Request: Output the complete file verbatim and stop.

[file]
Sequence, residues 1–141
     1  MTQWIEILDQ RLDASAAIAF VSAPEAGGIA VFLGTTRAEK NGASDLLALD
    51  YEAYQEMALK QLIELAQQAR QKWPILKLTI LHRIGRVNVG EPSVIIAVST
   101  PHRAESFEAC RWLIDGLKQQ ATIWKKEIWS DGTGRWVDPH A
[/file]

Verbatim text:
Sequence, residues 1–141
     1  MTQWIEILDQ RLDASAAIAF VSAPEAGGIA VFLGTTRAEK NGASDLLALD
    51  YEAYQEMALK QLIELAQQAR QKWPILKLTI LHRIGRVNVG EPSVIIAVST
   101  PHRAESFEAC RWLIDGLKQQ ATIWKKEIWS DGTGRWVDPH A